Cedartown’s One Door Polk Builds Community Well-Being

May 22, 2017

This article appeared in the May 2017 issue of the Georgia's Cities newspaper.
A young man entered through the doors of One Door Polk in need of services from the Department of Ju­venile Justice (DJJ)—what he received was an alarm­ing diagnosis of previously undiscovered diabetes. The outcome of his visit is a prime example of why One Door Polk was established in Cedartown.
“What we had before the creation of One Door Polk was several great social service and medical organiza­tions, but they were scattered around the city and the county,” said Cedartown City Manager Bill Fann. “Folks in need of these services, many with transportation is­sues, had a difficult time navigating from one place to the next. In addition, each agency housed in One Door Polk is familiar with the other organizations’ services, which creates an environment for warm handoffs and personalized care.”
Entrance to One Door Polk.
That is certainly true for the young man who vis­ited the DJJ office inside the complex in late March. According to Juvenile Probation/Parole Specialist Courtney McGinnis, the young man, who had recently worked to improve his life, visited the center with con­cerning symptoms.
After discovering the teen and his family did not have a primary care doctor, McGinnis walked the young man and his mother to the Primary Healthcare Center. Primary Healthcare is located in the One Door Polk complex. This center caters to residents of all in­come levels—those with and without insurance—with a sliding pay scale. Here the teen was diagnosed, treat­ed and provided ways to manage his disease.
Cedartown Plans for the Wellness Complex
One Door Polk was established in the former Polk Medical Center hospital building, after the medical center moved to a newly constructed facility in No­vember 2014. Cedartown city officials worked dili­gently to find tenants for the new complex—all of the belief that abandoned buildings did not belong in the city’s downtown.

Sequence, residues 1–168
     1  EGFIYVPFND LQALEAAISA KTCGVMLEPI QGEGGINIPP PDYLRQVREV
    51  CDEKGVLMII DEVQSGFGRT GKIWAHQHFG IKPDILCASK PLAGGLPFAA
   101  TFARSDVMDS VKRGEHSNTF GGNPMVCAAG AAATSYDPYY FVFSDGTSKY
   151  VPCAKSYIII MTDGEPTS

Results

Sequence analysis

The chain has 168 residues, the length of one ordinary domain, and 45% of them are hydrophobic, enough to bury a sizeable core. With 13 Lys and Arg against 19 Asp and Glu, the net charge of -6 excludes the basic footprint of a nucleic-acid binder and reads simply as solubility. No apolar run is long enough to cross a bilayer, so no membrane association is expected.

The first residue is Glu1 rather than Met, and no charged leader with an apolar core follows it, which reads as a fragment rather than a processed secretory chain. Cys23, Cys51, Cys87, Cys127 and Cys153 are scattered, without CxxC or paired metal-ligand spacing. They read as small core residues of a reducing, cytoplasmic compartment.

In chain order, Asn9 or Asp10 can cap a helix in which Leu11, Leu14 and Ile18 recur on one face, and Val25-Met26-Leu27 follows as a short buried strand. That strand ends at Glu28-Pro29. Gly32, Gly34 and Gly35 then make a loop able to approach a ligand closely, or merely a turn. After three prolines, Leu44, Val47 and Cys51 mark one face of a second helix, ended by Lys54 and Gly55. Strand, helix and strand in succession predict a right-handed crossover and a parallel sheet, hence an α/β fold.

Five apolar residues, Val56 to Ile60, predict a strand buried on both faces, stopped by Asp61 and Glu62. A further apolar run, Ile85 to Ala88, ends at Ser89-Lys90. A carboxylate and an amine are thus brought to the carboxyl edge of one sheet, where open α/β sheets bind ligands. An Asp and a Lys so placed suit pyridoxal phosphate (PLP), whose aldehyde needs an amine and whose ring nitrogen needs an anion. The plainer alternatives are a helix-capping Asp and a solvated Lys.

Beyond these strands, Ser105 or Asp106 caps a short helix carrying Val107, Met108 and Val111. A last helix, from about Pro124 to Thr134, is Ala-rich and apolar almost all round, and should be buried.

In December 2013, well before the building was vacated by the hospital, the city commission voted to approve a conditional hospital reuse plan and become owners of the building and property.
Cedartown Assistant City Clerk Edward Guzman helps children with one of the activities offered at the recent One Door Polk block party.
“This project fulfills that request in a magnificent fashion that has never been done before,” explained Fann. “Tenants lease space in the building and that covers the monthly costs associated with the build­ing.” The city has a specially assigned employee that oversees daily maintenance as well.
The DJJ and Primary Healthcare Centers are just two of the organizations that reside under the One Door Polk roof. Located in the center of town, it’s also home to Polk Family Connection, Highland Rivers Health Outpatient Services and Developmental Disabilities Division, Right from the Start Medical Assistance, Polk County Foster Parents Association, Children in Need of Services, Court Appointed Special Advocates, the Area Agency on Aging and an administrative office for Our House, Polk County’s Battered and Abused Wom­en’s Shelter.
The complex continues to grab the attention of lo­cal and state leaders with several Georgia Department of Community Affairs and Appalachian Regional Com­mission representatives visiting.
“One Door Polk is a great example of the collabora­tion of federal, state and local partners to build com­munity capacity and a better quality of life for the citi­zens of Polk County,” said Brittany Pittman, program manager for the Appalachian Regional Commission. “The Appalachian Regional Commission remains com­mitted to investing in communities to expand access to health care.”
One Door Polk continues to build relationships in the community. On March 31, a community block par­ty was hosted in the facility’s parking lot. The event featured literacy activities, face painting and selfie sta­tions, bean bag toss, prizes and of course, information relating to the services offered by One Door Polk.
“This is a network of high quality, easily accessible treatment, education and support services. Though well-planned, this was a leap of faith undertaking and has been a true team effort since the beginning,” Fann said. “We hope that other cities and counties will take into consideration what a difference that easily accessi­ble, easily navigable social service offerings can make in their community’s overall health and happiness.”

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